2017 Sports Betting Bill Tracker
With the U.S. Supreme Court announcing on Tuesday that it would hear New Jersey’s appeal to offer legalized sports betting, the controversial form of gambling is garnering more legislative attention than ever.
The topic of sports betting has slowly picked up traction since New Jersey’s legal battle against the Professional and Amateur Sports Protection Act of 1992 (PASPA) began. In 2012, the state attempted to legalize Vegas-style sports betting but was quickly met with opposition by the NCAA, NBA, NHL, MLB, and NFL. Several lawsuits ensued, leading the state to finally request a Supreme Court hearing after the Third Circuit Court of Appeals repeatedly sided in favor of the leagues.
Even with the odds seemingly against New Jersey, many states started to pass daily fantasy sports legislation. Though not legally considered sports betting, many experts believe that DFS are a precursor to the inevitable legalization of betting on sports. With the newfound optimism that was inspired by NJ petitioning for certiorari from SCOTUS in 2016, many states found themselves ready to introduce legislation that would legalize and regulate sports gambling.
State lawmakers realize that the future of the sports betting industry in the United States will weigh heavily on the outcome of the NJ sports betting case, which is why many legislators have been proactive in introducing new laws. A decision on the case is likely to be rendered early in 2018. You can use our 2017 sports betting bill tracker to keep up to date with the latest legislation in sports betting states.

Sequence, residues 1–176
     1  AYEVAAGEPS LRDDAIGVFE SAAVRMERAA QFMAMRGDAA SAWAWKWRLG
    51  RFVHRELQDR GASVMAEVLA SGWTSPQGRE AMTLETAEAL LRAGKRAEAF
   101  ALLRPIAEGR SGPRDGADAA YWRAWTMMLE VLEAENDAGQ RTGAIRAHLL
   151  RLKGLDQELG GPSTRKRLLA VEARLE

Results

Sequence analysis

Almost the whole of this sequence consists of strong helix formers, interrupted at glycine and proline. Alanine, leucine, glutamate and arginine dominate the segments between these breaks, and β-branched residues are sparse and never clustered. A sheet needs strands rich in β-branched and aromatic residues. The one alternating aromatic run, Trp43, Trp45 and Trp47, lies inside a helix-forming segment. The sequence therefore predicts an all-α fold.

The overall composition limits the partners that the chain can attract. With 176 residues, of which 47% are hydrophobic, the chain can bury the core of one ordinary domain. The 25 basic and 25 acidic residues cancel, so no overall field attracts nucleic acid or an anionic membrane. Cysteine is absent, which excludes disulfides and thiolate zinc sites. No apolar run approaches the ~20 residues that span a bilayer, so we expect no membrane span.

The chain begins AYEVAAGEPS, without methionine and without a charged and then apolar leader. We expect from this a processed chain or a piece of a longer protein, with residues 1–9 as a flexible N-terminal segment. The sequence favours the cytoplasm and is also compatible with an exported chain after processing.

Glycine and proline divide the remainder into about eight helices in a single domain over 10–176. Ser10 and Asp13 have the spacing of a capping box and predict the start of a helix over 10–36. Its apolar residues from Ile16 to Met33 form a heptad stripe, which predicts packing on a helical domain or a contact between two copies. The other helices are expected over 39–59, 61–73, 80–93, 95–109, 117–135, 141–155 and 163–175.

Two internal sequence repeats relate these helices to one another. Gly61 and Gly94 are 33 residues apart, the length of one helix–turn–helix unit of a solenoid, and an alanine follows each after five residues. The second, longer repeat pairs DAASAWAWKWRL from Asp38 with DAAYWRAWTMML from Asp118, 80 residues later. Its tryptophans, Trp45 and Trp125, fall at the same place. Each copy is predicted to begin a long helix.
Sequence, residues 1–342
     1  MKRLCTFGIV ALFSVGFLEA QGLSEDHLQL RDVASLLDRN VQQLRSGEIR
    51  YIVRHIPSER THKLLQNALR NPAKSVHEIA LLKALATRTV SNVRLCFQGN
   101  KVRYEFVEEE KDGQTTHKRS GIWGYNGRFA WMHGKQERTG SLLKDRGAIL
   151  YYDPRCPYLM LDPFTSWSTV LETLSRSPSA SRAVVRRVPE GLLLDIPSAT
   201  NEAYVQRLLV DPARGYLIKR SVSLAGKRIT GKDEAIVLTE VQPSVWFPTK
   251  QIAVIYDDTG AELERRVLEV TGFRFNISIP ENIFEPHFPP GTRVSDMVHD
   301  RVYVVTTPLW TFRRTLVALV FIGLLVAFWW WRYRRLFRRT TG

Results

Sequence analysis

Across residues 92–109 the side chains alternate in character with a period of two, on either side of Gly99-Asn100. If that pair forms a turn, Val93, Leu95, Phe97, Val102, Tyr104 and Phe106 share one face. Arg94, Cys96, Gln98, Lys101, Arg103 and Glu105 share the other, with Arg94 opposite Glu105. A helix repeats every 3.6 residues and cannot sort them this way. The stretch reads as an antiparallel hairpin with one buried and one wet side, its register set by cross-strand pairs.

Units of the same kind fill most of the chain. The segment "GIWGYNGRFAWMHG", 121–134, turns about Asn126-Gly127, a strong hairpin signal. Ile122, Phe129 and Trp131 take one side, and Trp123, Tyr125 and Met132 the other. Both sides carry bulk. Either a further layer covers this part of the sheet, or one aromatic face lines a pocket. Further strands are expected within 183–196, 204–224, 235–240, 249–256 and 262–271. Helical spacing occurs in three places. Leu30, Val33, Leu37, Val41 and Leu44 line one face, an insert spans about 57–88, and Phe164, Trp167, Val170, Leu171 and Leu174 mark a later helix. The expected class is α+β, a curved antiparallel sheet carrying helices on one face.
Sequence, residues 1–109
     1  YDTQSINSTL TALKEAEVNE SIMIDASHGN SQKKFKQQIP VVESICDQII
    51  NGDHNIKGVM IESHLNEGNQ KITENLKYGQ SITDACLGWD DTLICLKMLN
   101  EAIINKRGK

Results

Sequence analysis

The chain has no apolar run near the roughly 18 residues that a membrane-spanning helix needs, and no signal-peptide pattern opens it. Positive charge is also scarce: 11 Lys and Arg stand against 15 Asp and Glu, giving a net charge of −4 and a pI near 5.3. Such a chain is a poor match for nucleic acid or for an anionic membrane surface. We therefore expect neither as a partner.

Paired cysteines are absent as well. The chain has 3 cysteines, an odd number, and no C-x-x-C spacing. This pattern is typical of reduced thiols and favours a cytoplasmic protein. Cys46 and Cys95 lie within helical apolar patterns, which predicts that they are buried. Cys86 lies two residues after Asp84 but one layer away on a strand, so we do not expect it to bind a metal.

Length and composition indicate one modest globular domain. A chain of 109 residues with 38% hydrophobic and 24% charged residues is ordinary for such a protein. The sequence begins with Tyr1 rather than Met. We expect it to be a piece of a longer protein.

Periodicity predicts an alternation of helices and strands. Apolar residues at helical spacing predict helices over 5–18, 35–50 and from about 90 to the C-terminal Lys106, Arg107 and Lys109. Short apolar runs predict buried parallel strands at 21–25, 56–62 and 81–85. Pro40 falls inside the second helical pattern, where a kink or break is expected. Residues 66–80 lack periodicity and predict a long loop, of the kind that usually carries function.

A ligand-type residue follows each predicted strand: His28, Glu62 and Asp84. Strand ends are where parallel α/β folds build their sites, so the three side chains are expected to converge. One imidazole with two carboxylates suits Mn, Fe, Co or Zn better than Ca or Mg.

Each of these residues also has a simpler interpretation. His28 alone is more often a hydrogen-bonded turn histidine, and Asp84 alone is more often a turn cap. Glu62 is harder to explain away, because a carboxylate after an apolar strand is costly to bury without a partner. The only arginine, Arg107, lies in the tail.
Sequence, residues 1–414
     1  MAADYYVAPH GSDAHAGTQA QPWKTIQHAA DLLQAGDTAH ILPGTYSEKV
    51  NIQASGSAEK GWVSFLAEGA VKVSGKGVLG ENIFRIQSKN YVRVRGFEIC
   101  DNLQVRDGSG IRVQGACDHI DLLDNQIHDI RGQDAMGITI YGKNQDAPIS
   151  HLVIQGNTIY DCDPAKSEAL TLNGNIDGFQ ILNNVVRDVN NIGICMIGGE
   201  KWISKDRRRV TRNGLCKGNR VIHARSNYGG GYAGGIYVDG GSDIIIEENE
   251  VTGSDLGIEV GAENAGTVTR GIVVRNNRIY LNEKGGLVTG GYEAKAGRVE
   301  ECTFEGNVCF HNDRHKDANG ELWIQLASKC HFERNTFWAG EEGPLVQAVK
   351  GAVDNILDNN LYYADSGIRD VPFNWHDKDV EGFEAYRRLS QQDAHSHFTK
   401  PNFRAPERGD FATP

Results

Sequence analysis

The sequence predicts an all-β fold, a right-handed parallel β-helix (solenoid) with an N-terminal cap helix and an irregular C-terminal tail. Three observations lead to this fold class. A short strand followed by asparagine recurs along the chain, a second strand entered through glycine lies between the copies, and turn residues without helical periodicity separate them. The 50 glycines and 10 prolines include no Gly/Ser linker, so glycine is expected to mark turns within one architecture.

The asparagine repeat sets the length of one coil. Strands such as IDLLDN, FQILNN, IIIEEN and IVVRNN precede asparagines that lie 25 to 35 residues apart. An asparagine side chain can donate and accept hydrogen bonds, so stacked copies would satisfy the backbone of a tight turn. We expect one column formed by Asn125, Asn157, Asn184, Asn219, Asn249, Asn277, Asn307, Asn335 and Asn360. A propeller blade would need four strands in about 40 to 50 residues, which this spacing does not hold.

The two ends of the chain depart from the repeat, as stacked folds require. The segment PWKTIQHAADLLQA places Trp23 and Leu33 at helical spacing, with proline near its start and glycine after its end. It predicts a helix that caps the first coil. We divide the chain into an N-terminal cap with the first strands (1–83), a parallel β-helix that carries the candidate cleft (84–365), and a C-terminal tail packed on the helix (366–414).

Representative Frank Pallone (D-New Jersey) introduced a draft bill that would call for a full repeal of the Professional and Amateur Sports Protection Act. The Gaming Accountability and Modernization Enhancement (GAME) Act would allow each state to determine which forms of gambling would be permitted within their jurisdiction. This would include sports betting, horse racing, and casino gaming. One point of controversy with the draft bill is that it lumps fantasy sports with gambling. Fantasy sports operators have been adamant about not being included in the same category as gambling, which may raise concerns ongoing discussions continue.
California has taken the approach of proposing a constitutional amendment. ACA 18 would amend Section 19 of Article IV, permitting the state to authorize sports betting in lieu of the repeal of the federal ban. The proposed legislation includes permission for state-tribal compacts to be amended should sports betting be legalized.
CT HB 6948 was passed by Connecticut in early June. The law is part of a larger casino expansion package but includes a provision that would permit the regulation of sports wagering within the state. Legalized sports betting would only be offered if not in conflict with any federal laws, meaning CT will not implement the provision unless PASPA is repealed or amended.